Six Stewards Ascend to Apex of Culinary Hierarchy


May 2013


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Six Seafarers reached the top of their respective careers in the steward department recently when they graduated from the steward recertification course at the union-affiliated Paul Hall Center for Maritime Training and Education (PHC) in Piney Point, Md.


In recognition of their ascent to the summit of the culinary hierarchy, each received certificates April 8 during the union’s membership at the PHC. The graduates—Stewards Shirley Bellamy, John Greubel, Cleto Lindong, Karl Meyer, Sean Richard and Anthony Jacobson—also addressed union officials, fellow upgraders, trainees and guests who attended the meeting.


Collectively, they expressed their gratitude for the opportunities they have been afforded to enhance their skills, improve their lives and those of their families, and become better shipmates to their brothers and sisters aboard SIU-contracted vessels. In addition, each thanked the union leadership for its continued support, and the PHC vocational and hotel staffs for their excellent instruction and accommodations, respectively. Finally, they acknowledged a host of other individuals who played key roles in their successes.


Shirley Bellamy

Bellamy was the first to take the podium. She sails out of the Port of Jacksonville and is a native of Federalsburg, Md. Prior to joining the union, she worked in cosmetology. She has upgraded on several previous occasions at the PHC.


Bellamy told the audience she has been sailing since 1997 and that her transition to the maritime industry from her previous line of work was both challenging and rewarding.


“I’ve always wanted to see the world,” she said. “I dreamed about visiting places such as Africa, Japan, Greece, Spain and the Middle East. All of that has become a reality thanks to the SIU and the wonderful career it has given me.”


As a result of the recertification training, Bellamy said, she gained a broader awareness of sanitation. In addition, she became more aware of the behind-the-scenes workings of the union. “I’ll now be better able to answer questions about the union for my shipmates and point them in the right directions when they encounter problems,” she said.


Bellamy told the trainees the school represents a tremendous opportunity for them. “I encourage each of you to take advantage of everything the Paul Hall Center has to offer,” she said. “You are the future of the SIU and your endurance will pay off.


“Once you to go to sea, pay attention, keep a positive attitude and always work hard,” she said in closing. “It’s also important that you be professional and always strive to do your best.”


Sean Richard

Richard was next to address the audience. He ships out of the Port of New Orleans and has been an SIU member for 21 years. A frequent upgrader, he has attended the PHC on four previous occasions.


“Each time I attended this school, I learned more and more to enhance my skills,” he said. “And this time was no different.”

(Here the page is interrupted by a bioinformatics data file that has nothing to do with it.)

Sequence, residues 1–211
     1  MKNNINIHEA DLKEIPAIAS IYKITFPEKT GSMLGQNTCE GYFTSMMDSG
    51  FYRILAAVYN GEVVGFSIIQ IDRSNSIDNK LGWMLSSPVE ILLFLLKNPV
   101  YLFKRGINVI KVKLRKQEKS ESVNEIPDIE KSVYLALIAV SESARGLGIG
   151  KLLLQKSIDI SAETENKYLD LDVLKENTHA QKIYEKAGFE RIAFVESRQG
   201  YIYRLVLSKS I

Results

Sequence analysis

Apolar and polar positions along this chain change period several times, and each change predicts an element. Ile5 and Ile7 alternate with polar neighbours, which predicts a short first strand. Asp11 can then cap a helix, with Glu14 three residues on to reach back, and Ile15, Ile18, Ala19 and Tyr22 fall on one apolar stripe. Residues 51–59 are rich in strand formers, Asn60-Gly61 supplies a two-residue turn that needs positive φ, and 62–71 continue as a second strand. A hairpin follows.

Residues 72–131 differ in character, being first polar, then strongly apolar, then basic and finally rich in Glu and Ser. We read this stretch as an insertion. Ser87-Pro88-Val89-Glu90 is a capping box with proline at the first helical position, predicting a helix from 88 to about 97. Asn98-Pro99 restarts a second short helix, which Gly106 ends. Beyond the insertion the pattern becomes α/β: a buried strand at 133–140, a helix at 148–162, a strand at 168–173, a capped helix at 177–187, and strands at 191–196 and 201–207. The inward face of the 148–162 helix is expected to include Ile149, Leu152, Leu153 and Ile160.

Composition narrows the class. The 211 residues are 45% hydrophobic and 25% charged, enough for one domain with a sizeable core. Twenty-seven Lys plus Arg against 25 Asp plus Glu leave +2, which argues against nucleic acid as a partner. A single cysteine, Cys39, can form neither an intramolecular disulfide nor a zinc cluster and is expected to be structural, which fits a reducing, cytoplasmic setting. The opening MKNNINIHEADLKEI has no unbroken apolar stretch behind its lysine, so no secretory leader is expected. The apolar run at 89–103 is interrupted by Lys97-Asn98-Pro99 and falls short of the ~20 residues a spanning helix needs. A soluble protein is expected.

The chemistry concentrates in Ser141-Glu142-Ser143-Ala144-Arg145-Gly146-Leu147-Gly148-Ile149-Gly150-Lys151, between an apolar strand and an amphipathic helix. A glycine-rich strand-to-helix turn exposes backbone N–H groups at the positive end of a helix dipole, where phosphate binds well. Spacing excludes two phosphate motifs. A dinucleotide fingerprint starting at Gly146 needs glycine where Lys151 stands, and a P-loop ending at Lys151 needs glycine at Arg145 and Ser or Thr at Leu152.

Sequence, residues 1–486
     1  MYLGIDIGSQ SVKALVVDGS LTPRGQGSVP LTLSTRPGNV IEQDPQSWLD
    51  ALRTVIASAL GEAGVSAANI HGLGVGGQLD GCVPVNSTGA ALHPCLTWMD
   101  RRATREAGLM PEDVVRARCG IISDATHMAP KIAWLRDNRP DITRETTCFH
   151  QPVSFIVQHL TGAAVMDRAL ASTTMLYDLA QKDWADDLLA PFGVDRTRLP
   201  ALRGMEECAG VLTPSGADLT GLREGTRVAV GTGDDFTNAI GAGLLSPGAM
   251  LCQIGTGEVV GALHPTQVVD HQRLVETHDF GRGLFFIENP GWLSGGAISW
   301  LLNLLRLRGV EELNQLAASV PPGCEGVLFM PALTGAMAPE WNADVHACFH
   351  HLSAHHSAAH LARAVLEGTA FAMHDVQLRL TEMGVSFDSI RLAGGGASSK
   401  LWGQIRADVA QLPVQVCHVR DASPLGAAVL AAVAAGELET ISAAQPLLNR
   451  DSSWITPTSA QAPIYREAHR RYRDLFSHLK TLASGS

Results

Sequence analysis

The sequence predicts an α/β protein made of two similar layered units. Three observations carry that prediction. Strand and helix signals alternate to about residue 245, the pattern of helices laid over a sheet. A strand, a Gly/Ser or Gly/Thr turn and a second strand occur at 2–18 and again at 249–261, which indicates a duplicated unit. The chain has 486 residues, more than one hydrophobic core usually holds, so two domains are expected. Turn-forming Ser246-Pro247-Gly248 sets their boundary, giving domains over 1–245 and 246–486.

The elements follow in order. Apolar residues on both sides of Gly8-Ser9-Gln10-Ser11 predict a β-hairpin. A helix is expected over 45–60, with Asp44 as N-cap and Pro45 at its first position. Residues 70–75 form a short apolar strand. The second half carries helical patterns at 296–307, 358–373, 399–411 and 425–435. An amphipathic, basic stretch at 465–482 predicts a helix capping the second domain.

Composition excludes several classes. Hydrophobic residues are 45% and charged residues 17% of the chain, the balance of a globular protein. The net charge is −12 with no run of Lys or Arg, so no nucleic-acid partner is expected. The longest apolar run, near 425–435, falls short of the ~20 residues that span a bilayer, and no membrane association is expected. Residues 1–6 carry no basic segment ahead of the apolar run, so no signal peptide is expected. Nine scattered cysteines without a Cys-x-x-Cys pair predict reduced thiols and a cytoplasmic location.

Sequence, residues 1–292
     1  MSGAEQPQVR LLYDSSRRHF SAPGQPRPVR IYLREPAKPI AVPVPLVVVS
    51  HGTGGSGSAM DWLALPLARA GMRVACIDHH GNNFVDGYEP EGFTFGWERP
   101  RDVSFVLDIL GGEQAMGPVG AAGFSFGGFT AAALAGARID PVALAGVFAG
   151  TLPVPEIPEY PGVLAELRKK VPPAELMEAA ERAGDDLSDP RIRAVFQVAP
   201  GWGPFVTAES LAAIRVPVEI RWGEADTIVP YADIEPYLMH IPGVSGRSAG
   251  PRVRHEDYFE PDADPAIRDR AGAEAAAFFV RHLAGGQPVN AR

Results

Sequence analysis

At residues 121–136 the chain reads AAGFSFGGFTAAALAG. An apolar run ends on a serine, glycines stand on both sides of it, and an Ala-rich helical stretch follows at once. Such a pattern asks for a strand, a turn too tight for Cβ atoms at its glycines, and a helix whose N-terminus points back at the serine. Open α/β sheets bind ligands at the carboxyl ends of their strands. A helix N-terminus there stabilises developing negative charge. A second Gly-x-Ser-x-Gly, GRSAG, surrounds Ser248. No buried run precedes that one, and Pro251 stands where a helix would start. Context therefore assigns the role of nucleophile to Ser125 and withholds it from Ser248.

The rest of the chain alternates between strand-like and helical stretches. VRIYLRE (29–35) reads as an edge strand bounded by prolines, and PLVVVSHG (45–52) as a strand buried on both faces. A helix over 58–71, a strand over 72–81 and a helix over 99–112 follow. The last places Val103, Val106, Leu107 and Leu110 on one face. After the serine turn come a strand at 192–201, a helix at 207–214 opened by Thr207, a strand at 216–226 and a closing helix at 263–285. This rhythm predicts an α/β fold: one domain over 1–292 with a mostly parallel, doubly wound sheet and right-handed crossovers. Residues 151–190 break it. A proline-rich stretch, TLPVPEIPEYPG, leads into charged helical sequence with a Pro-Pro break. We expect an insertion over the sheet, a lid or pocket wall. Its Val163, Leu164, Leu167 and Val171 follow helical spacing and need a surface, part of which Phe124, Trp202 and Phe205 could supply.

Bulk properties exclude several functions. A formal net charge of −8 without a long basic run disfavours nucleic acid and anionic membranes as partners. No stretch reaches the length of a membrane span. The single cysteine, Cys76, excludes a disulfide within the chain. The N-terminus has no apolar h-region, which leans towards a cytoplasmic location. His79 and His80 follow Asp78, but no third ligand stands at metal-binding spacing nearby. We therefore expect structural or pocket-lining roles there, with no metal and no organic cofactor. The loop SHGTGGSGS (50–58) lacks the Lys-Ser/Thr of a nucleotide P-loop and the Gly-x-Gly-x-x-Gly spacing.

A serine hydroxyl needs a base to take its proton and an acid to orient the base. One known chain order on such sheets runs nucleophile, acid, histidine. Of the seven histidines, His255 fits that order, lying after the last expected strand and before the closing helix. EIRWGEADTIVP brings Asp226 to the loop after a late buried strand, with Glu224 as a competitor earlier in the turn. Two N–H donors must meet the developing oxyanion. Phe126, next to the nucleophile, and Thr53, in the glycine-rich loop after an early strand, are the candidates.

In addition to areas covered by the recertification curriculum such as sanitation, safety, and first aid, Richard was excited about the knowledge he acquired about the union. “I improved my management skills and gained important insights on how the union actually operates,” he said. “I was also given a firsthand look at how hard our union leaders work to protect and keep our jobs and maintain our benefits.


“My career with the SIU gave me the opportunity to travel the world, work, meet some wonderful people, and earn some good money in the process,” he said. “I must say that I would not trade it for anything in the world.”


Richard advised the trainees to “not focus on how much money you will make, instead focus on how much you can save. When you go to sea, respect your shipmates regardless of their race, religion or gender. When on a ship crossing the ocean, we must all depend on and work with each other. We are one big family.


“In the area of job performance, be sure that you’re on time for work,” Richard continued. “Be productive, practice safety first and always follow orders given to you from your immediate supervisor.


“Finally, look, listen and learn” he concluded. “Upgrade often and contribute to SPAD.”


Cleto Lindong

Lindong hails from the Philippines and signed on with the union in 2001. He sails out of the Port of Wilmington.


“This recertification program was very educational,” he told those in attendance. “It provided me with further insight into the inner workings of this great organization. I learned a great deal about how it is managed and run.”


Lindong said his life as a seafarer started years ago when he was sailing aboard foreign-flag vessels. “Had it not been for the SIU, I wouldn’t be standing before you today,” he said. “The union gave me the opportunity to improve and better myself through various training and upgrading courses here at the Paul Hall Center.


“That enabled me to me get better jobs,” he continued. “Now I am here, proud and happy to have achieved my goal of graduating from this recertification program.


“I consider you as a core part of the SIU,” Lindong told the trainees. “Study hard and learn as much as you can because in doing so you are laying a positive foundation for your future. Always keep a positive outlook on your job, pay attention to your mentors and learn to adapt and work together as a team.”


Anthony Jacobson

“The past three weeks have been an eye-opening experience for me,” said Jacobson, who is home-ported in Wilmington. He first donned the union colors in 1993.


A native of Chicago, Jacobson told the audience that during their training, he and his classmates “were afforded the opportunity to see the inner workings of this great organization. I always knew that a number of things were done behind the scenes on behalf of the union membership, but I had no idea about the extent to which our leadership went to accomplish them.